I'm told "Burning Wheel" can be tricky to master, but has a lot to offer... I might get into that some time in the future. But my uni studies prevent me getting to engrossed in new game sustems at the moment.

Day 21 - Funniest misinterpretation of a rule in your group?

I know there have been some absolute doozies over the years, but when it comes to specifics, my mind is at a blank for the moment.

#RPGaDay 18 and 19

Day 18 - What innovation could RPG groups most benefit from?

Finally, a question that doesn't assume gaming groups are insular entities, and instead poses the notion that players might be aware of their own gaming group(s) and other gaming groups. But this question suddenly assumes that all gaming groups have the same issues and that specific forms of innovation are uniformed adopted by the entire community. So, needless to say, I think this is a flawed question too.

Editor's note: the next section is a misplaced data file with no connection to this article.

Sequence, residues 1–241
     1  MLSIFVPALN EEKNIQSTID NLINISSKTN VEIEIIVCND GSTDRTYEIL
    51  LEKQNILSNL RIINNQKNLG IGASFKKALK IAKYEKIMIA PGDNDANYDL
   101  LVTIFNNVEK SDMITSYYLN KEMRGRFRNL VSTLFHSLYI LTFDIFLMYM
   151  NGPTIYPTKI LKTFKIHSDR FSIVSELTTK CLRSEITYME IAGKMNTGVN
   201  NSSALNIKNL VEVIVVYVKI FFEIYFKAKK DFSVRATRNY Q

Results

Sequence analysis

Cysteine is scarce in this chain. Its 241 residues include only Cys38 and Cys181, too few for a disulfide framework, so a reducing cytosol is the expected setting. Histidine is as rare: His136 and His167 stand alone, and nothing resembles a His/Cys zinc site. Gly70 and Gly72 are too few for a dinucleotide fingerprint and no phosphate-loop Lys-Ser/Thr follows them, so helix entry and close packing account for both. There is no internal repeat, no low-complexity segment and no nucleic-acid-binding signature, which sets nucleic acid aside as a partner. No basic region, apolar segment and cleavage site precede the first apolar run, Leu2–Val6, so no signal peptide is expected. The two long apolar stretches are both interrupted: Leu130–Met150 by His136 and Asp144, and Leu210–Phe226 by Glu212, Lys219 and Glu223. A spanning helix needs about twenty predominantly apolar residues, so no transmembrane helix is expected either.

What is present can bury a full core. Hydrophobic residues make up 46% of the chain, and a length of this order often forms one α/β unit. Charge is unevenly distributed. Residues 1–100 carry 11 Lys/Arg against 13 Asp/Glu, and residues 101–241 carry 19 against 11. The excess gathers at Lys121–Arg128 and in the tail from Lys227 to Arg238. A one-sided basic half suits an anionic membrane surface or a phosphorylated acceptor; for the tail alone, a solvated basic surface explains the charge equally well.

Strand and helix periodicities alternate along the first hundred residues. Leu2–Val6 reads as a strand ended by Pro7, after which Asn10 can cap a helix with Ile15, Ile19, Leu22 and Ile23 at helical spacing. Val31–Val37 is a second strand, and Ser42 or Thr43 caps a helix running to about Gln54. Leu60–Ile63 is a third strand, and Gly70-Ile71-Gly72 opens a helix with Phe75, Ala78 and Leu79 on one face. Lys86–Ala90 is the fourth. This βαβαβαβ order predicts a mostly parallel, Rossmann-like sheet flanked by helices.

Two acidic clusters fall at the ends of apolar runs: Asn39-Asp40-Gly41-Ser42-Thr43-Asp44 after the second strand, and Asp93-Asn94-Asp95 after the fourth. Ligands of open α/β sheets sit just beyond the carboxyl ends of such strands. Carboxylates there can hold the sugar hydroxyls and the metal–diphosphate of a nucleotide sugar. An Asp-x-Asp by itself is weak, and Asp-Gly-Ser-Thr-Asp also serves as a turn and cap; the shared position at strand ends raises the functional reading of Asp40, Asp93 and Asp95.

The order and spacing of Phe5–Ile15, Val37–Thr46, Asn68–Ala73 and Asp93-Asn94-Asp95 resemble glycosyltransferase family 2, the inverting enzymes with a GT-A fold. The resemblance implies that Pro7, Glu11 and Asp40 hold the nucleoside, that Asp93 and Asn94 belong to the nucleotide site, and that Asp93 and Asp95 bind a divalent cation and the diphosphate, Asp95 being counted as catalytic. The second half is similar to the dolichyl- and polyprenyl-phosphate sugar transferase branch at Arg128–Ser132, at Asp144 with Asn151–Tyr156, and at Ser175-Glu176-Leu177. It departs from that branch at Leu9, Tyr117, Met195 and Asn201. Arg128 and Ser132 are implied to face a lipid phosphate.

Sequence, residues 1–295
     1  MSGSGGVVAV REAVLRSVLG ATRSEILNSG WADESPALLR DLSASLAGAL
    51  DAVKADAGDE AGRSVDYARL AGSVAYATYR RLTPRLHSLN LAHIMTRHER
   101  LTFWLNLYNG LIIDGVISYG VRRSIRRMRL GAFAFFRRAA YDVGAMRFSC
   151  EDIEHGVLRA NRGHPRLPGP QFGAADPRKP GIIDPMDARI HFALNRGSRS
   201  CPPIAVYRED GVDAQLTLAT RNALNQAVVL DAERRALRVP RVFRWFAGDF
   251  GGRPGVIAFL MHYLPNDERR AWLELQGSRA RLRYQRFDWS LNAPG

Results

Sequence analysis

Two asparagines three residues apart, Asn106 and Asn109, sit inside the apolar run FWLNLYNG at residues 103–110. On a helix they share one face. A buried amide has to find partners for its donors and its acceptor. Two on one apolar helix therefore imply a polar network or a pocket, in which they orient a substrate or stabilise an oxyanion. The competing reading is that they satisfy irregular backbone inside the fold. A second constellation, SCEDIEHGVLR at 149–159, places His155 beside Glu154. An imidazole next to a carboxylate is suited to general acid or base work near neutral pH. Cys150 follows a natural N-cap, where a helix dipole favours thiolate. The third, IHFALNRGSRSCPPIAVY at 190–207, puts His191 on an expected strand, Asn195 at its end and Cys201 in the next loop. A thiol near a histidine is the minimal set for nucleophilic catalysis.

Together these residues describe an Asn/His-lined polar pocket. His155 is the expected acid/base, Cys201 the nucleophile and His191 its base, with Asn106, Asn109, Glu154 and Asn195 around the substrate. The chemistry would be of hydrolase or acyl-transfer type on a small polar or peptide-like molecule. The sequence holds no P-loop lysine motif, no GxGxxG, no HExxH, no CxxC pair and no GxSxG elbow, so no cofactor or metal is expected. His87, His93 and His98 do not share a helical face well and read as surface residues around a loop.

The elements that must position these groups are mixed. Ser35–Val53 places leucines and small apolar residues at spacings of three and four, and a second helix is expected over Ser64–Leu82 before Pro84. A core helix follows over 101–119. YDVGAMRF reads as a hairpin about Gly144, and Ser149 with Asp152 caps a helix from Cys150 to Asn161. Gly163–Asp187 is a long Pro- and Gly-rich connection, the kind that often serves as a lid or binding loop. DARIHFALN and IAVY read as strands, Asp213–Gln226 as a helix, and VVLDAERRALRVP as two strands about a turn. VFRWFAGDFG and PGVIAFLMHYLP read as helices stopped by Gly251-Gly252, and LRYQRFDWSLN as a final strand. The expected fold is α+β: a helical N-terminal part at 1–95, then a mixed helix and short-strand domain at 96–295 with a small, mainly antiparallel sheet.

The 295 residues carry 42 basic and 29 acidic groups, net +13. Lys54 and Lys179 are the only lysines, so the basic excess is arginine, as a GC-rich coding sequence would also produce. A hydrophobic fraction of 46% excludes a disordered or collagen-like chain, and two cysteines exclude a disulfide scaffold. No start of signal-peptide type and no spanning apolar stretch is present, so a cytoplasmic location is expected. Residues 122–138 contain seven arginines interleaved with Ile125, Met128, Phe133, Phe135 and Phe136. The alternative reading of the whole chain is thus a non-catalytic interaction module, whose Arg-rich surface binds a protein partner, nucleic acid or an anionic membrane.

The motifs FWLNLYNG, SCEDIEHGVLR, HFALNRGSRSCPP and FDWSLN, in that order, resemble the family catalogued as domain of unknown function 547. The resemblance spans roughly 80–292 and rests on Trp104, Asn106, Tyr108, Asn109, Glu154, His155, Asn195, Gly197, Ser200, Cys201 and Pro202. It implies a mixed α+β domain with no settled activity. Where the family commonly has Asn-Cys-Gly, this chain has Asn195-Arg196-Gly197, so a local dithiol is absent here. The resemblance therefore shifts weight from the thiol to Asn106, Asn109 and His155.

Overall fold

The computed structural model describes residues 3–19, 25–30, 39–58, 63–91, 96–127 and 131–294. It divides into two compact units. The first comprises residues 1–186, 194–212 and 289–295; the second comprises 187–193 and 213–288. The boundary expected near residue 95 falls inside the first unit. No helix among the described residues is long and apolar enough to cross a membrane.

There are heaps of innovations in the community, with some groups adopting them and others preferring their "traditional approach". In my time I've seen the innovation of narrative driven games, minimalist rule sets, dice rolling apps, diceless roleplaying, roleplaying over live internet feed (first by text, through to current video chat feeds).

In some cases, I think the innovation is just gimmicky, in some cases it actually seems to contribute something positive to the experience.